I don’t think there is any better season than fall for a new Animal Collective record. There is something about their shamanistic chants, tribal conjuring and swirling melodies that is perfectly suited for campfires, brisk fall air, worn out sweaters and damp, cloudy, decaying days. Indeed, there is something strangely ancient about the band’s primitive approach that borders on being magical. Lazy journalists have often lumped Animal Collective in with the rest of the freak folk movement, but even a casual listen reveals their childlike whimsy as a launching point—rather than an aesthetic—that leads both the group and listeners into otherworldly places.
Last year’s widely received Sung Tongs was the work of group’s core members, Panda Bear and Avery Tare. Largely acoustic, though still filled with their trademark layered melodies and substance abused focus, the album’s organic feel was responsible for the “folk” tag that found itself stuck to the group. For Feels, the group expanded to include Geologist and Deakin, resulting in an amped-up, sumptuously layered and suprisingly more accessible album than its predecessor, that should shake off any remaining folk affinities, and put the band in a league of their own.
Feels front loads the disc with its three most rollicking and poppy numbers. “Did You See The Words” kicks off the album with Animal Collective’s most familiar elements. Softly strummed guitars, twinkling pianos and sampled voices float in a milky haze around the listener’s head. Slowly, the percussion picks up and as the song heads into swooping chorus the vocals are pitched to the front, and vocal harmonies dance beautifully. The song’s second half nicely finds the vocals switching from its ordinary verse-chorus delivery into a chanted call and response, with overdubbed oohs and aaahs flitting around, and as the instruments drop out, they close the song like some kind of ancient rite.
“Grass” will surprise longtime Animal Collective listeners, by how straight it plays out, while retaining the group’s always intriguing weirdness. Starting with what sounds like rain hitting tin in an echo chamber, chiming electric guitars lay the foundation as startlingly straightforward indie rock singing comes in. But any worry that the group are reaching for a more mainstream audience are dispelled by the banshee screaming of the chorus. But again, Animal Collective display an uncanny ability to warp even what appears to be the most ordinary façade. The song’s latter third introduces a carefully integrated stream of gabbering vocals, tweeting birds and backing harmonies with an unbelievable ease that would make Brian Wilson proud. But it’s “Purple Bottle” that perhaps best exemplifies the group’s embrace of unabashed pop fervor. With a simple percussive backing that changes very subtly throughout the song, it relies largely on the band’s rhythmic singing, and swooping layers of vocals, that balance childlike elation and religious style fervor with equal power.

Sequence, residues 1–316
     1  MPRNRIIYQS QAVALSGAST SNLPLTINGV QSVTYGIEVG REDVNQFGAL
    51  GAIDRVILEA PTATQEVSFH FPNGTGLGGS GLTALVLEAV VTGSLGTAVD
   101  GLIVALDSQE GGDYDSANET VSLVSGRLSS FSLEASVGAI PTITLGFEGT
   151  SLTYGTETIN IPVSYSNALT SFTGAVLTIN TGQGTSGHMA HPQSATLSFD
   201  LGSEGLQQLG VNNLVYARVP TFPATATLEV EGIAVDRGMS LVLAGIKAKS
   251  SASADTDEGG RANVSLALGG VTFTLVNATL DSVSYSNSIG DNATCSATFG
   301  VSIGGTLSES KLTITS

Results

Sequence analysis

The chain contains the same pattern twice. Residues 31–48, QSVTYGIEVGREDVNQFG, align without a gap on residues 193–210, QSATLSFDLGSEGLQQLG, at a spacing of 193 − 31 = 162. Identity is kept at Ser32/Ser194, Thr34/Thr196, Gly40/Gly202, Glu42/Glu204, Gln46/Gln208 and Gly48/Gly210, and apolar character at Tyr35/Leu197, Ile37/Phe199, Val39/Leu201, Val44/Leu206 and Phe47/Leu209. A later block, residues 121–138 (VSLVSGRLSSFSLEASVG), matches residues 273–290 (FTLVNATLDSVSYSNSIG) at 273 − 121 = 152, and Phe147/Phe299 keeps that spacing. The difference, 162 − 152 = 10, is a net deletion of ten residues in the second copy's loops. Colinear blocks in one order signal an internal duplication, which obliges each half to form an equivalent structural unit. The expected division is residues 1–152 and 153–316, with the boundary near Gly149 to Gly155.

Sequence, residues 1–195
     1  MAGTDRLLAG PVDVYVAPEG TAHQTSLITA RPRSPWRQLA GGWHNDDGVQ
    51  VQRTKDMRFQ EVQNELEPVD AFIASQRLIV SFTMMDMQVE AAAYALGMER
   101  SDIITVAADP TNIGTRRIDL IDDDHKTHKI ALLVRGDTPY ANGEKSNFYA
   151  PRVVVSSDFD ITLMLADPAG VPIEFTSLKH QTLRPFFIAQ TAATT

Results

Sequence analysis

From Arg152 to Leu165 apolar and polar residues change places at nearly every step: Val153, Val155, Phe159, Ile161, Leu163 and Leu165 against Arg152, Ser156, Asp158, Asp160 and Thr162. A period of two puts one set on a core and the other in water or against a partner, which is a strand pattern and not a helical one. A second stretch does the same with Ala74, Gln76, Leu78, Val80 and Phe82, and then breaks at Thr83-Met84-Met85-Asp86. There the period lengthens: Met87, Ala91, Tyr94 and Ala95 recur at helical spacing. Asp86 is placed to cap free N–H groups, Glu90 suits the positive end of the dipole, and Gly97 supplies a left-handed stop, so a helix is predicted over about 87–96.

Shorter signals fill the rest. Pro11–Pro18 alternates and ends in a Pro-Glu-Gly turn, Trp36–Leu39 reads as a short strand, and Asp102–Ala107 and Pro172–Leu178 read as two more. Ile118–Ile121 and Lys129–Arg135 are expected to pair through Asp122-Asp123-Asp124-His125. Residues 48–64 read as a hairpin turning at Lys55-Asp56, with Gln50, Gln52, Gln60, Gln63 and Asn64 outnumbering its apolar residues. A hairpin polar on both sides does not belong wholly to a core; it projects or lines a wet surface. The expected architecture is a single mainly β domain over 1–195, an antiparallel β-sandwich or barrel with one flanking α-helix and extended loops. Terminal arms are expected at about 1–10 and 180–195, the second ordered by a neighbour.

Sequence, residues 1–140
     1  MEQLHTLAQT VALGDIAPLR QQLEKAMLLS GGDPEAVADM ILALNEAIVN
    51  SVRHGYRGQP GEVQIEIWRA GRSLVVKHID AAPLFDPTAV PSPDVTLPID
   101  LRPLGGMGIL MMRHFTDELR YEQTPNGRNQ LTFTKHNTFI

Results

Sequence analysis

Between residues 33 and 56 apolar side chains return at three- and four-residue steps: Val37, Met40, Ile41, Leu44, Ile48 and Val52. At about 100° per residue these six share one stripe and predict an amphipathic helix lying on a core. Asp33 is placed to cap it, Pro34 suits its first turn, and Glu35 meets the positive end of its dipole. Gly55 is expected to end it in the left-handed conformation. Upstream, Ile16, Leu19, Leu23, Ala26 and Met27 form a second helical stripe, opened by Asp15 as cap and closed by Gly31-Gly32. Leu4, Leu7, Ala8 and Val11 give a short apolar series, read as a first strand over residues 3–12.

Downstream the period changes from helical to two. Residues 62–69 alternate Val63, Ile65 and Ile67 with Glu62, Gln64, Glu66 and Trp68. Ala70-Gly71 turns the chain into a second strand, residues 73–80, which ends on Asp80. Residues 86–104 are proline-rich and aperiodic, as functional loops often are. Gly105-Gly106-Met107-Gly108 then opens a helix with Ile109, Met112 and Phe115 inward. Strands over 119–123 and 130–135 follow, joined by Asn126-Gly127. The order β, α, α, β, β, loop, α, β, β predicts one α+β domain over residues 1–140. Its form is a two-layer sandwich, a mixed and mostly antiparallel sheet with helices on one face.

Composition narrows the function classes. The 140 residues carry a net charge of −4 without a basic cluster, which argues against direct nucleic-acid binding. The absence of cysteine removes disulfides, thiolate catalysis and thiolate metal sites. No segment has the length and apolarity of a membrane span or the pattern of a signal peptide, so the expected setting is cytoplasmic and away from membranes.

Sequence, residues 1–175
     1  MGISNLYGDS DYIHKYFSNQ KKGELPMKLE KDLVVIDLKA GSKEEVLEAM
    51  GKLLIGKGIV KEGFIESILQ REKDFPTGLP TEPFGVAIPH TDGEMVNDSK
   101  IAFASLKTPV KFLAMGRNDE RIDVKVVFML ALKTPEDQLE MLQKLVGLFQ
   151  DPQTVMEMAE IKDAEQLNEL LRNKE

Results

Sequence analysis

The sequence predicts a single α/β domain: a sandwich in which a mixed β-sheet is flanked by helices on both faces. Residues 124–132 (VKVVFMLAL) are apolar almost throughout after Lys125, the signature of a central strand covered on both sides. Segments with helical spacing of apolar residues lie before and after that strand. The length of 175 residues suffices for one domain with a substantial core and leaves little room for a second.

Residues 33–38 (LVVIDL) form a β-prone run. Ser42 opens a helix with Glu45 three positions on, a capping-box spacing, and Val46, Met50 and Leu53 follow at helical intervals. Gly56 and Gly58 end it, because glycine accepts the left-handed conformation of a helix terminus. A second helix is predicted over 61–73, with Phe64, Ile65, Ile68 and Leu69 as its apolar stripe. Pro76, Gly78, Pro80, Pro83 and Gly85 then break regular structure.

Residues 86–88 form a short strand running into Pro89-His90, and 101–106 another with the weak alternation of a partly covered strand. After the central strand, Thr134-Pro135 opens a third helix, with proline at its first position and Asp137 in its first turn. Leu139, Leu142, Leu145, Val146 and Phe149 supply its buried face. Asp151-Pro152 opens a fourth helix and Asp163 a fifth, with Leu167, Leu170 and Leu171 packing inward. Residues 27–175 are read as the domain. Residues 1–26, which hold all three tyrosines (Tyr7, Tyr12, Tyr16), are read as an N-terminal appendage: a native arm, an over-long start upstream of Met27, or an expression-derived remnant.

The rest of the disc finds the band stretching and slowing their compositions to an equally potent effect. The songs become longer and the melodies a little more cluttered, while their vision continues to expand outward, probing and constantly reshaping the loosely structured songs. “Flesh Canoe” surrounds its central vocal theme, with heavily delayed guitar, piano plinks, and looped backing harmonies. More delayed and interwoven guitar, with what sounds like sudden electrical sparks, mesh themselves with spaced out singing on “Daffy Duck”. The track unfolds exquisitely, exploring all its corners, finding both the moments of silence and of constructed rapture.
But its “Banshee Beat”, the album’s best song, that finds Animal Collective using their patient, exploratory style to best effect. That it’s also the disc’s longest song is not surprising. It starts innocuously enough, with a subtle shimmering guitar, faint hints of a piano and casual, half spoken, half sung observations. At around the two minute mark, that guitar becomes looped, slightly sped up and now serves as the song’s rhythm. The key changes, the singing becomes more urgent and vulnerable, but remains at just above a whisper. Now building methodically, backing voices come in and out and after another two minutes they all come together in a triumphant, exultant tide, howling at the moon. And we’re only at the halfway point. I do a great disservice to the song by dissecting it so, as the pure joy derived from listening to this track—and the entire album really—is how natural, how easy Animal Collective make it seem. These are smartly composed songs that remarkably come off feeling like they’re being played for the first time. These are pop songs that carry with them an air of ritual and sacrament.
Feels really couldn’t be a better name for the album. Not many other words come close to describing the stick-your-toes-in-the-dirt-reach-up-to-the-sky aesthetic that Animal Collective don’t just cultivate, but embody completely. There is an essence of emotion palpable throughout the disc that is never precious, but genuinely felt. Feels is a highly rewarding journey into pop music’s most primal, earthy, esoteric and ultimately beautiful places. And it’s unlike anything else you will hear this year.
// Sound Affects
"The man whose songs were recorded by Johnny Cash, Alan Jackson, Ricky Skaggs, David Allan Coe, The Highwaymen, and countless others succumbs to time’s cruel cue that the only token of permanence we have to offer are the effects of shared moments and memories.READ the article